At my job before this one, one of the millennial guys said, “Oh this vendor is going to have their girls look over this.” And one of the woman VPs said, “Really? They have little girls doing this for us? That’s amazing.” It was a good way to call it out with gentle ribbing and a reminder that language matters.
I work with plenty of men who refer to their professional female colleagues as ‘girls’. It’s especially bad when it’s referring to an all-female team, like ‘the HR girls’.
They don’t call their male colleagues boys. Children generally have lower social status than adults. Women generally have lower social status than men. Calling women ‘girls’ in a professional contexts suggests you view them as extremely low on the social ladder. It’s demeaning and belittling, and implies that they’re more naive and less competent than their male equivalents.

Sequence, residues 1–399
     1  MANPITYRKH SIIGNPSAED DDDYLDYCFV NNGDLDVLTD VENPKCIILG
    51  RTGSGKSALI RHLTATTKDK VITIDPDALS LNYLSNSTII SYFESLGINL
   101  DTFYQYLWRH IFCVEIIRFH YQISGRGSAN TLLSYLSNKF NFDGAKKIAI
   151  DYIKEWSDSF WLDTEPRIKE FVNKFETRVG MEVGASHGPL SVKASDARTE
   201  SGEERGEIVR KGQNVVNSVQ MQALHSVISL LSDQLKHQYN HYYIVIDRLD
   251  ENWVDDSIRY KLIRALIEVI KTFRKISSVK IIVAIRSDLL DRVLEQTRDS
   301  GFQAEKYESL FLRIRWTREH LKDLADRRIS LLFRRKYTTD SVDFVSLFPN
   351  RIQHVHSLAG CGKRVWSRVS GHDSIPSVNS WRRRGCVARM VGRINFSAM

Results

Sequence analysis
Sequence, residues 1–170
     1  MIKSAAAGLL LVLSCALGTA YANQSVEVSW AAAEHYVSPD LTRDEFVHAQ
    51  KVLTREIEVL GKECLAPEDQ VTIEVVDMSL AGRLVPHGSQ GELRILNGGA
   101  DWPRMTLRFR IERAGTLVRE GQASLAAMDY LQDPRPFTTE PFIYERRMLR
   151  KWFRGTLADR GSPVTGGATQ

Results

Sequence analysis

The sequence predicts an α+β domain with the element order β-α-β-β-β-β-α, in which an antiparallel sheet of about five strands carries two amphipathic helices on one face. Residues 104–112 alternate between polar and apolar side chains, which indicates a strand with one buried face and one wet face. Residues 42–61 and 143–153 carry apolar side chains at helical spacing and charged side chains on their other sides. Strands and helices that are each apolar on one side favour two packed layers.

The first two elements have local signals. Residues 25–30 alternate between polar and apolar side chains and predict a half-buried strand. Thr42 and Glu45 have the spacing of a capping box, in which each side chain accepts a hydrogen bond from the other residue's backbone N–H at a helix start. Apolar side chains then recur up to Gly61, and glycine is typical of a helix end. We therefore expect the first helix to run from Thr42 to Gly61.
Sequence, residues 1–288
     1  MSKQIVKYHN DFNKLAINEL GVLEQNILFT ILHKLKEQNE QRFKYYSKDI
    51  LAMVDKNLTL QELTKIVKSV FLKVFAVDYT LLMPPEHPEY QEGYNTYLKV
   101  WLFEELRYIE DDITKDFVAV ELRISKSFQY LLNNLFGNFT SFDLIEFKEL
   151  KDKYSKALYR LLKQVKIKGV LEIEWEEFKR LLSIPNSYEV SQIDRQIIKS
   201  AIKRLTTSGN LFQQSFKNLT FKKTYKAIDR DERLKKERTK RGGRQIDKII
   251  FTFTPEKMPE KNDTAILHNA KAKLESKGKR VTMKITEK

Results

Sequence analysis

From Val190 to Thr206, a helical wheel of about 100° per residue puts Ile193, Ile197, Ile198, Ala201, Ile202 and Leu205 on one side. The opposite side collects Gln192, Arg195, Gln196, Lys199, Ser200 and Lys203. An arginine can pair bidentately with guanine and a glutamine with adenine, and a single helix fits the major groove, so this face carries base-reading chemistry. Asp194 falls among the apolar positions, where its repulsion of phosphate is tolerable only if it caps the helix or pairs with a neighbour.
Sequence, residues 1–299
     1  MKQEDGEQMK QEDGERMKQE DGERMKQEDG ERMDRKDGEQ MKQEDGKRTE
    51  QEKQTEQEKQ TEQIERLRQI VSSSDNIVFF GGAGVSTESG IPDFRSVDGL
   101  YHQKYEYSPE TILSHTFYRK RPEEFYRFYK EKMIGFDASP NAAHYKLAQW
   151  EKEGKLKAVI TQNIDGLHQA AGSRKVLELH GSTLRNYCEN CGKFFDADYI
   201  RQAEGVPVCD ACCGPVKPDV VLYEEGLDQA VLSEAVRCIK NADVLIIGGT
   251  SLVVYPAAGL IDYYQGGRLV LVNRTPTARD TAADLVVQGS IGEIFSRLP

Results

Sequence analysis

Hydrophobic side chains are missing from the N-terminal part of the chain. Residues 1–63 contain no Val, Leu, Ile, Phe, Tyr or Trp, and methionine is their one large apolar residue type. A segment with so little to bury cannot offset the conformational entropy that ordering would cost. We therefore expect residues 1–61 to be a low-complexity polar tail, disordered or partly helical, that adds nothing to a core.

Some women get socialised to go along with this and only ever be nice and unthreatening in the workplace, even if it costs them personally and professionally, because shit like calling women girls pigeonholes grown women as all of the negative things society implies about very young women 24/7 – annoying, irrational, flighty, overly emotional.
Reducing some women’s status in this way can be harmful to all women – I’ve learned to be firm and icy enough at work that I don’t think anyone does this to me, but doing it to my peers devalues the status of a group that also contains me. It makes us all a bit more dismissable and disposable as a demographic.
I call my male colleagues out on this all the time and it feels like a sacred duty.